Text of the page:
Lucia’s Pays Attention to Color in Cocktails
Research shows intensely colored drinks are considered by most consumers to be especially enticing because they promise intense flavors.
Photo by Lance Yamamoto
To make a good cocktail, you need good ingredients. But to design a popular cocktail, you need to add visual appeal. Fancy glass, pretty garnish, sure — but mainly a beautiful color. Deep, rich, vivid, distinctive, and above all, natural.
As cutting-edge mixology focuses more and more on flavor and authenticity, the role of color is being somewhat overlooked.
That’s a shame, because even the world’s tastiest cocktail would be ignored if it looked like a muddy, murky mess.
Even more challenging than crafting one beautifully colored cocktail is choreographing an entire menu of them, each a unique resonant hue in a distinctive color palette. Yet that’s exactly what the owners of Lucia’s in Berkeley accomplished recently after finally receiving their full liquor license after a long wait.
“I absolutely notice the customers’ eyes light up when they see the colors of our cocktails,” said co-owner Steve Dumain. “It is a commonly accepted notion that food is first ‘eaten’ with the eyes, hence presentation is as important as taste. By incorporating this aspect into our cocktails, focusing on the colors, we knew that our cocktail program would generate this sort of reaction among guests, and the drinks would sell themselves.”
Studies exploring the psychological ramifications of colors in consumables reveal that while children can easily be fooled into believing that brightly colored drinks are especially tasty, adults are less naive. In fact, gussied-up food which, when tasted, proves to be mediocre generates in most adult consumers a counterintuitive angry disappointment or “Negatively Valenced Hedonic Disconfirmation of Expectation” in academia-speak.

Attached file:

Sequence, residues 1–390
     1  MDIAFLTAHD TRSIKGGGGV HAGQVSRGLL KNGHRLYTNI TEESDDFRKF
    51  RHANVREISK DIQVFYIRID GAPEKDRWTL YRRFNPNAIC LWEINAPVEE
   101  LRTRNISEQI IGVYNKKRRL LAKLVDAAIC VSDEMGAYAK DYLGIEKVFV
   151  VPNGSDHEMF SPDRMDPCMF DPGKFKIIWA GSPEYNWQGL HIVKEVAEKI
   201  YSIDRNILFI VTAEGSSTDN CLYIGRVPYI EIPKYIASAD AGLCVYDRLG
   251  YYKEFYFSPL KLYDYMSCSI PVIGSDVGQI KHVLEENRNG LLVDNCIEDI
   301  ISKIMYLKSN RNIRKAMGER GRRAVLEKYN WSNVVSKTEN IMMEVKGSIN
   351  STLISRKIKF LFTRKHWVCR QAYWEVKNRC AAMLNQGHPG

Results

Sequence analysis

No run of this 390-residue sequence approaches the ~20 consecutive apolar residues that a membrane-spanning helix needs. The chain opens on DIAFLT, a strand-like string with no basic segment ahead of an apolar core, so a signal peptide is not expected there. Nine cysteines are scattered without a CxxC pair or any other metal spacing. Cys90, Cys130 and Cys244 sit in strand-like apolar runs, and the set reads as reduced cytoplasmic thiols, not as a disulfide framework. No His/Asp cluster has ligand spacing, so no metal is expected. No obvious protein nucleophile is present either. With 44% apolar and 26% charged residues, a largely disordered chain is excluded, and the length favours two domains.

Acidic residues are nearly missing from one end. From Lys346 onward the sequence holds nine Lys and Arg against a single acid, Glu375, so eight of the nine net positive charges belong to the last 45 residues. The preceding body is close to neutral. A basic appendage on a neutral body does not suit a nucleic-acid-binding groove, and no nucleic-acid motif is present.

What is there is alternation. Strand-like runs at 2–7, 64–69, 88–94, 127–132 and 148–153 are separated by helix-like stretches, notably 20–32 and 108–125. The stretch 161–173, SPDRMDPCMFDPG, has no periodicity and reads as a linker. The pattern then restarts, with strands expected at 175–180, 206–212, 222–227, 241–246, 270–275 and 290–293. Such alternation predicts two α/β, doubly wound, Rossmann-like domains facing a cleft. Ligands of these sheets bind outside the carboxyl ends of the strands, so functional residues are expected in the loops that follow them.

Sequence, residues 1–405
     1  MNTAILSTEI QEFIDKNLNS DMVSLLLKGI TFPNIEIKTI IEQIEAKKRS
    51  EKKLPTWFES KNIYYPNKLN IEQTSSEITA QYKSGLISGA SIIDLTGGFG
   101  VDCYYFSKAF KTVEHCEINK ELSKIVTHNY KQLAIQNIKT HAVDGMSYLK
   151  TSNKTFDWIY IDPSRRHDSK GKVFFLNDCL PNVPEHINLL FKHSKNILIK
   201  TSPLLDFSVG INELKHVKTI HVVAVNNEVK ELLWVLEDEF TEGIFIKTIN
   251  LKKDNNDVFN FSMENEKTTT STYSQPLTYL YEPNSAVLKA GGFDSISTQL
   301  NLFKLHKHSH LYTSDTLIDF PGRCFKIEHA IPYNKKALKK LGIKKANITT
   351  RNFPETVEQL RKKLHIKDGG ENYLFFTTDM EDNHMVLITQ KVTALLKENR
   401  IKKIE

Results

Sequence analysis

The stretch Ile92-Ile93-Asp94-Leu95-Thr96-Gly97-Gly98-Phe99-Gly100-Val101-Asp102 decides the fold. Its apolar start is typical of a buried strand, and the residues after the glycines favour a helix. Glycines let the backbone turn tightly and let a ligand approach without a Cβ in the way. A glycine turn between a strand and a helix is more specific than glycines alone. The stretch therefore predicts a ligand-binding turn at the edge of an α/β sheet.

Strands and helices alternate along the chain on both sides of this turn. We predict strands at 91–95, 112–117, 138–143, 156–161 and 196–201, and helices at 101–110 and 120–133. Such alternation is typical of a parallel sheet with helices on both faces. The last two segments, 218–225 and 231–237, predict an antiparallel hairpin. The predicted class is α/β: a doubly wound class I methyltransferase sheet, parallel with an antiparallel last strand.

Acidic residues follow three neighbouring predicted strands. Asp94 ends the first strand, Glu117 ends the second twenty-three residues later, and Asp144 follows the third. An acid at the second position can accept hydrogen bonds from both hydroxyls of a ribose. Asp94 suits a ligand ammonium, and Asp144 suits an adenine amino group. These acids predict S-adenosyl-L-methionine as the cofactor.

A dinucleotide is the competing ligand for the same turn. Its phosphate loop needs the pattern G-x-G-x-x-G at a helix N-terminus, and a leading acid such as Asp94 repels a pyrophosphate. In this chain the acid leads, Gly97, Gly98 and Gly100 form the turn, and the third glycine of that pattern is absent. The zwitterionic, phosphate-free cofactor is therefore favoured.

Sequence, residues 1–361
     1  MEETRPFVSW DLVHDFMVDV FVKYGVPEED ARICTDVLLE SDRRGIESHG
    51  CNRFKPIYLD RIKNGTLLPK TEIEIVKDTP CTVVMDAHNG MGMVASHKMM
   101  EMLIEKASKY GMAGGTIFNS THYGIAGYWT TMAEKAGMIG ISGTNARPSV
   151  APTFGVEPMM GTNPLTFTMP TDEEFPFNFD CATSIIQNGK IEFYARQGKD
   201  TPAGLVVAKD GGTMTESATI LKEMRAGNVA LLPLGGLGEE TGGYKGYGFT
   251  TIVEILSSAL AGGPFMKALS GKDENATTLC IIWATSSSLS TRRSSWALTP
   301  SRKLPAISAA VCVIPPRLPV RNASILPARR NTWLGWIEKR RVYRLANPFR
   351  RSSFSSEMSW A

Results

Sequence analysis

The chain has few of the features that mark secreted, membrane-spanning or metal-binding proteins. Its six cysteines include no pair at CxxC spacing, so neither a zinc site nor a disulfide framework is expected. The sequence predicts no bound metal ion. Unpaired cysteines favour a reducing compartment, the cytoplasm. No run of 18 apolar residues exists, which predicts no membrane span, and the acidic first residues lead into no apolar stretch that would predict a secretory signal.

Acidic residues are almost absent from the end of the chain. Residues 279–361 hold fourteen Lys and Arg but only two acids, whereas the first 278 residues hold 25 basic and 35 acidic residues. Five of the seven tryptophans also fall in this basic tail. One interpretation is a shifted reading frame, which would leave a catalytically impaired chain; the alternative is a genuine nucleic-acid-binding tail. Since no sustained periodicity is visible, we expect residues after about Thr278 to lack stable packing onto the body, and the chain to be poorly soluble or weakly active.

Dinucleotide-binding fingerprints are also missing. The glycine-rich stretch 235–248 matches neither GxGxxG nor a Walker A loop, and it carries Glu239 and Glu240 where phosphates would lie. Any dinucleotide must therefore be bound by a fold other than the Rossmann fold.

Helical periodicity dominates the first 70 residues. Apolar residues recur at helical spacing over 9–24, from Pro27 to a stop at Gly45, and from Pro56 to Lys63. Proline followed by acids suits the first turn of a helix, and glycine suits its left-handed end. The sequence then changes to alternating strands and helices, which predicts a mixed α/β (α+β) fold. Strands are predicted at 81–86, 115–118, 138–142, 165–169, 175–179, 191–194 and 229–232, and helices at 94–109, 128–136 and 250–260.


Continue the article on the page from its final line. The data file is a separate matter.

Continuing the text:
In practice, this boils down to: If you expend extra effort making something look delicious, you’d better ensure that it is delicious, or you’ll earn customers’ wrath.
Fellow co-owner Alessando Uccelli, who designed Lucia’s cocktail program, knows this principle full well.
“We don’t use any artificial coloring in any of our cocktails. We preserve the natural colors of our real ingredients by using preparation techniques that keep the temperatures super-low. That way, for example, the intense green of the fresh basil that’s the basis of our Basil Gimlet doesn’t darken” during the drink making, because “we hand-make in-house basil syrup with special techniques that preserve the flavor and color.”
Rivaling the Basil Gimlet’s head-turning intensity is the vivid orange of Lucia’s DeChirico Daiquiri.
“We named this cocktail after surrealist artist Giorgio de Chirico because of his oeuvre’s color palette, particularly this shade of orange,” noted Uccelli. “The drink’s hue derives from a combination of amber agricole rhum, grapefruit juice, and the bright red of Cappelletti, an Italian aperitivo.”
Research has proven that intensely colored drinks are considered by most consumers to be especially enticing because they promise intense flavors. Lucia’s Emiliano cocktail delivers on that expectation: a layer of deep purple topped by creamy white foam hides the unexpected punch of ghost-pepper-maple syrup — also made in-house.
“The purple comes from another secret ingredient: Visciola, a cherry-infused Italian dessert wine,” added Uccelli. “We use a little splash for color and flavor.”
The pure citrine yellow of Lucia’s classic Vesper cocktail results from the inclusion of Genziana, an Italian gentian root liqueur, along with an artisanal vermouth.
“Everyone at Lucia’s loves the bright colors of Italy and California, which we try to bring to our food,” explained Dumain. “The techniques we use with our fresh ingredients preserve their colors and are also key to the rainbow look of our cocktails.”